Current prosthetic hands are controlled by myoelectric signals from the muscles in the stump, a process that requires patience, concentration and time to master. Researchers from Newcastle University, UK, used computer vision and neural network technology to improve the responsiveness of these prosthetics. A bionic hand with computer vision ‘sees’ objects and reacts automatically, enabling the user to grasp objects 10 times faster than any other limb on the market.

The bionic hand is fitted with an off-the-shelf camera that takes a picture of the object in front of it, assesses its shape and size, and triggers a series of movements in the hand. The researchers trained the system using neural networks, showing it numerous pictures of various objects from multiple angles and in different light conditions. The deep-learning system learned which grasp pattern to use for different objects according to their shape, but without measuring specific dimensions or explicitly identifying them. The prosthetic is capable of four different grasps: pinch, tripod, palm wrist neutral and palm wrist pronated.The bionic hand is fitted with a camera. Image credit: Newcastle UniversityThe bionic hand is fitted with a camera. Image credit: Newcastle University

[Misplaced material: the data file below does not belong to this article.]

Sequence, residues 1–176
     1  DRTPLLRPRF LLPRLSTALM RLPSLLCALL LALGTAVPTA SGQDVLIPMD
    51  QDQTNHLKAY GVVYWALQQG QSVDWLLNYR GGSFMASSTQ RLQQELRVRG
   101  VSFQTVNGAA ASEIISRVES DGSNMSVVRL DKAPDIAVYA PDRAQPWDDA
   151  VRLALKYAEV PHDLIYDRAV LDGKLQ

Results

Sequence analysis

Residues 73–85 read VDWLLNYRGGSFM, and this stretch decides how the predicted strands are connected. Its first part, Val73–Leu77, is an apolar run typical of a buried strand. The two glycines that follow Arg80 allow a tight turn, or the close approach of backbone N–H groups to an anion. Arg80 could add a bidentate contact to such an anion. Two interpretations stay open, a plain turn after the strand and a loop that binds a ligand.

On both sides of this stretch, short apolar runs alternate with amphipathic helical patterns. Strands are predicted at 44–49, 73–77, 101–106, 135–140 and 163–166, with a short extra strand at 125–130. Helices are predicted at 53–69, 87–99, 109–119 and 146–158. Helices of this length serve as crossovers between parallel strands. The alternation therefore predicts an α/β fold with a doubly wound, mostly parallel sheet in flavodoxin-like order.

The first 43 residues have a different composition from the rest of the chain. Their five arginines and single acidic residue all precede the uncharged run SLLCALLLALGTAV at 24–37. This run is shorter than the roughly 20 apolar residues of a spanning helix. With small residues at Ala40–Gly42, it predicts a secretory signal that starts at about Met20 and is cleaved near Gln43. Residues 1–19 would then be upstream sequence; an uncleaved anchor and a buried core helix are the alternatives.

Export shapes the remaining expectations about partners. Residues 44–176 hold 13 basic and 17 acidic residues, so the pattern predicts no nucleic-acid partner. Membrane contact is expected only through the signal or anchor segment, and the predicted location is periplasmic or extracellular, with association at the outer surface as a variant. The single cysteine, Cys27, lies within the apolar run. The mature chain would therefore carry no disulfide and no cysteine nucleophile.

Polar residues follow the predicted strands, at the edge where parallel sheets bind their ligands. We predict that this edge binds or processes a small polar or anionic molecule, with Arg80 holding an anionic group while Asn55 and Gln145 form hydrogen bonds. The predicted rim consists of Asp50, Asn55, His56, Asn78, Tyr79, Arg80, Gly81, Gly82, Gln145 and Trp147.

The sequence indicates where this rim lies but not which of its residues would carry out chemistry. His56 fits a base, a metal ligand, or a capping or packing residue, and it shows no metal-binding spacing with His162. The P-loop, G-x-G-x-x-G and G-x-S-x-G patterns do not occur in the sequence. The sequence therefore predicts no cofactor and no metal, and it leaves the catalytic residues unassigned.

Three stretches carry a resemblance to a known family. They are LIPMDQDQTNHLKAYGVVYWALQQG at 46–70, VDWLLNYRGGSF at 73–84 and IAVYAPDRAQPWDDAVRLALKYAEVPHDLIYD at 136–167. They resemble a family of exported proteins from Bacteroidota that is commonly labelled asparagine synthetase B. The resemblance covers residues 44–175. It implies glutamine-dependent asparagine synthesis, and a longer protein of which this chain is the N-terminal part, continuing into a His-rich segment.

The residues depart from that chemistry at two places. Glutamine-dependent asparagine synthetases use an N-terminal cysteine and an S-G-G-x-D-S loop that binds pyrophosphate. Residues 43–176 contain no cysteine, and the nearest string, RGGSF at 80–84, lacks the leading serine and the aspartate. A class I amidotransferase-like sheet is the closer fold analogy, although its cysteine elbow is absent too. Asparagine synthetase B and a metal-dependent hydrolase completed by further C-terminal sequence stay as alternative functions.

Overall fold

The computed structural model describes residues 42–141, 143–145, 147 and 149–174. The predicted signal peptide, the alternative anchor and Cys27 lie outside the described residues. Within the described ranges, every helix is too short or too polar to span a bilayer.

A small number of amputees have already trialed the new technology and now the Newcastle University team are working with experts at Newcastle upon Tyne Hospitals NHS Foundation Trust to offer the ‘hands with eyes’ to patients at Newcastle’s Freeman Hospital.

The ultimate goal is to develop a bionic hand that can sense pressure and temperature and transmit the information back to the brain.